(OTTAWA) The Liberal Party of Canada is unlikely to be able to share security concerns over foreign interference with its candidates in the election, says the national director of the federal Liberals.

Azam Ishmael says this is because national security officials would only share this information with party officials who have specific clearances that local candidates and campaign workers do not.

Mr. Ishmael is among the political operatives who testified Monday before the House of Commons procedure committee, which is investigating the issue of alleged foreign interference in the last two Canadian elections.

Jeremy Broadhurst, senior adviser to Prime Minister Justin Trudeau and the party’s campaign manager in the 2019 election, also appeared.

Their testimonies come as pressure on Prime Minister Justin Trudeau and his government has intensified amid a series of media reports which alleged, citing unnamed sources, that Beijing tried to influence the outcome of the last two federal elections.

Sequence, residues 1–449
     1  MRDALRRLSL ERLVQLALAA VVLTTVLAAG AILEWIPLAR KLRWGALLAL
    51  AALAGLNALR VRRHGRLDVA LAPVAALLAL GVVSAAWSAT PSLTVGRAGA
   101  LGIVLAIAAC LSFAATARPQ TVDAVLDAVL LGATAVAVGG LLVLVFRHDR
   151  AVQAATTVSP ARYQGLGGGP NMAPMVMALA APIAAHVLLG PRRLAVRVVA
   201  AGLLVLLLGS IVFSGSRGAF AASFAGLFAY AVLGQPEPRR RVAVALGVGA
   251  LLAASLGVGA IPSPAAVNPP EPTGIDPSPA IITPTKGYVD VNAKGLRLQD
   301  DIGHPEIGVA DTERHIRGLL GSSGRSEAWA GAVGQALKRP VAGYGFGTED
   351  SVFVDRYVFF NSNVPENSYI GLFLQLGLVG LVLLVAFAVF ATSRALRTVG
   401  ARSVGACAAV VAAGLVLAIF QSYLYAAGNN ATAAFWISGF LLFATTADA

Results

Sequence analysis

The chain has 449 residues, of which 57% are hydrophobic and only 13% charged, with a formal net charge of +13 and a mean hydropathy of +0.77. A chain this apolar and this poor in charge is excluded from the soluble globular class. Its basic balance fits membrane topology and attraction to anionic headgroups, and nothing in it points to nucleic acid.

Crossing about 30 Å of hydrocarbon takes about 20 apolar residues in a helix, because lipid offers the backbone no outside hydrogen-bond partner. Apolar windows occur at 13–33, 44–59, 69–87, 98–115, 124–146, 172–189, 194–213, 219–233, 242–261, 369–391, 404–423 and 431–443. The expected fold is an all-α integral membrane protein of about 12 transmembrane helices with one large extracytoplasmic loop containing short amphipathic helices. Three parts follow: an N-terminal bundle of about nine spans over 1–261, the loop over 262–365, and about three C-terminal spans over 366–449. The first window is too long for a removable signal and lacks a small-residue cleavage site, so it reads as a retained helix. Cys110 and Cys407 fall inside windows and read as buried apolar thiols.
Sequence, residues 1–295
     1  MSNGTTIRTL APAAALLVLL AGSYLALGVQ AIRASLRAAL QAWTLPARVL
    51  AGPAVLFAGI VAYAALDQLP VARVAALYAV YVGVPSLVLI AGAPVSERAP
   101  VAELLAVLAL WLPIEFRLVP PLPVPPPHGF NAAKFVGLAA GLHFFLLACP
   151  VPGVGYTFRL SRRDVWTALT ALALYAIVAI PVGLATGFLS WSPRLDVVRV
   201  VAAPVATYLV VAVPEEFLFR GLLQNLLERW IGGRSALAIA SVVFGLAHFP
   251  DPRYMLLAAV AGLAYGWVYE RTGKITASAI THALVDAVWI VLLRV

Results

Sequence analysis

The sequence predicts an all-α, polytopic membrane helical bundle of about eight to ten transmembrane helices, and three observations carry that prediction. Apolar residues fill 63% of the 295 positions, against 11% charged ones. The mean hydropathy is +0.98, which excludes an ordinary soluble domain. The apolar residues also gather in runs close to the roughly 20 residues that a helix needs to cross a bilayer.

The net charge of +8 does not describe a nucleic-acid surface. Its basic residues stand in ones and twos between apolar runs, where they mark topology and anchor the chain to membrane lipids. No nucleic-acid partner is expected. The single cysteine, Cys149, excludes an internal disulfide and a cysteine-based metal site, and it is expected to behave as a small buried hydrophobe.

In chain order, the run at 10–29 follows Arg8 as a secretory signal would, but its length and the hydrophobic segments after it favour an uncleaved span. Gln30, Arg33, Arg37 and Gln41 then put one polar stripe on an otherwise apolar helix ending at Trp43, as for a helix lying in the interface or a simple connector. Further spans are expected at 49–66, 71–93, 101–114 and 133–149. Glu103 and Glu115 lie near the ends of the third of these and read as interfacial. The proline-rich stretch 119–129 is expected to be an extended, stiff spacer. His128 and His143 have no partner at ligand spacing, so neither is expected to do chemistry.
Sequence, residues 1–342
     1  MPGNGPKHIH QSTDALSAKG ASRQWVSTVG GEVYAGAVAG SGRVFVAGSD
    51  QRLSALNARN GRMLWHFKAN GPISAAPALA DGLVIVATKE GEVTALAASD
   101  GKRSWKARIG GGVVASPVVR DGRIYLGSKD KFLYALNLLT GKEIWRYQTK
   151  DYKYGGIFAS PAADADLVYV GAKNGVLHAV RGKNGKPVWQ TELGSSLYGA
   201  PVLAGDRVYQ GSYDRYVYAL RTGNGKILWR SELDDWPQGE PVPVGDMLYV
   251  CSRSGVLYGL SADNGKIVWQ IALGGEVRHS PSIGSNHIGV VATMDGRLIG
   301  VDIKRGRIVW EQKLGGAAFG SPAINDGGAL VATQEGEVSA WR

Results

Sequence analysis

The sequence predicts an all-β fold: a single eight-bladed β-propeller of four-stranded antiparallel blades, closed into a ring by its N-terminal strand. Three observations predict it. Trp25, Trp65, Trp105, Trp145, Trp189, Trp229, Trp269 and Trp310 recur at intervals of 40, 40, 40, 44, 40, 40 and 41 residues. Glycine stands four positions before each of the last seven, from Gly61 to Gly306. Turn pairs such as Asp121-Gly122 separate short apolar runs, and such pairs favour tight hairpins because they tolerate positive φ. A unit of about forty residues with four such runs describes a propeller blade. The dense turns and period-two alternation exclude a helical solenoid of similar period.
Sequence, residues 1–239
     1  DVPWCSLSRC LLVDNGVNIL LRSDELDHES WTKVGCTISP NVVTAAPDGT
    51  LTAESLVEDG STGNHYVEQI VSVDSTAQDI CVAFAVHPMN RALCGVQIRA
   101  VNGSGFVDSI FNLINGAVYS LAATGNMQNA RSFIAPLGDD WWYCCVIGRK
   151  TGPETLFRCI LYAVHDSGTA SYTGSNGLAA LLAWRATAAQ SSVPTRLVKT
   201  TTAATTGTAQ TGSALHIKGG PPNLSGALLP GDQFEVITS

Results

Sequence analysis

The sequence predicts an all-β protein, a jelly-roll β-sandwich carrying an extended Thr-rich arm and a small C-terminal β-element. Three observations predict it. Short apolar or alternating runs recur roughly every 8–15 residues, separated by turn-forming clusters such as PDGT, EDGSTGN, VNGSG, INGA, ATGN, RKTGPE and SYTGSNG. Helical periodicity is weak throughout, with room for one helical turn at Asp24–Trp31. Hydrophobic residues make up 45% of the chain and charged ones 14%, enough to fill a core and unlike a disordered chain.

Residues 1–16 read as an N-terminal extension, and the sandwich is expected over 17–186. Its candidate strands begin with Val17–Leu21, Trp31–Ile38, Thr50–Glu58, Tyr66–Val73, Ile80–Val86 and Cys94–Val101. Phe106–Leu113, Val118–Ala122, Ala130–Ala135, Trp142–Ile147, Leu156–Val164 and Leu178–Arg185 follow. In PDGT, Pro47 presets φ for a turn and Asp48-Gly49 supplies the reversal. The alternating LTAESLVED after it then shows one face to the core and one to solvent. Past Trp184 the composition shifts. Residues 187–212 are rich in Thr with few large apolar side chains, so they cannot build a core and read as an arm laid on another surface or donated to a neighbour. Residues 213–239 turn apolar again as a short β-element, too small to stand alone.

Mr. Ishmael, who oversaw the party’s last campaign in 2021, warned committee members before beginning his testimony that he would be limited in what he could say about the information provided to him during briefings on the national security.

MPs nevertheless questioned Mr. Ishmael on the process for dealing with concerns about attempted foreign interference with respect to local candidates and campaigns.

For his part, Broadhurst said the party defers to intelligence agencies, but the decision to endorse or disqualify a candidate rests solely with the party and not with security officials.

But Mr. Ishmael nonetheless claimed that the Liberals have not “turned a blind eye” to allegations of foreign interference in the country’s elections.

The Conservative Party’s 2021 national campaign manager, Fred DeLorey, also appeared before the committee on Tuesday along with Hamish Marshall, who held the same position in 2019.

Mr. DeLorey began his testimony by reading a memo prepared for him after the 2021 election, which he says was written after the party saw that some results “were wrong.”

Asked earlier about Tory losses in Greater Toronto Area and Metro Vancouver ridings – the results the Conservatives say could have been affected by interference from Beijing – Mr Ishmael suggested that c was the result of the party’s position on gun control, a debate that erupted during the campaign.

The committee recently heard from Mr. Trudeau’s longtime chief of staff, Katie Telford, who repeatedly told MPs that national security provisions prevented her from releasing details of briefings on interference.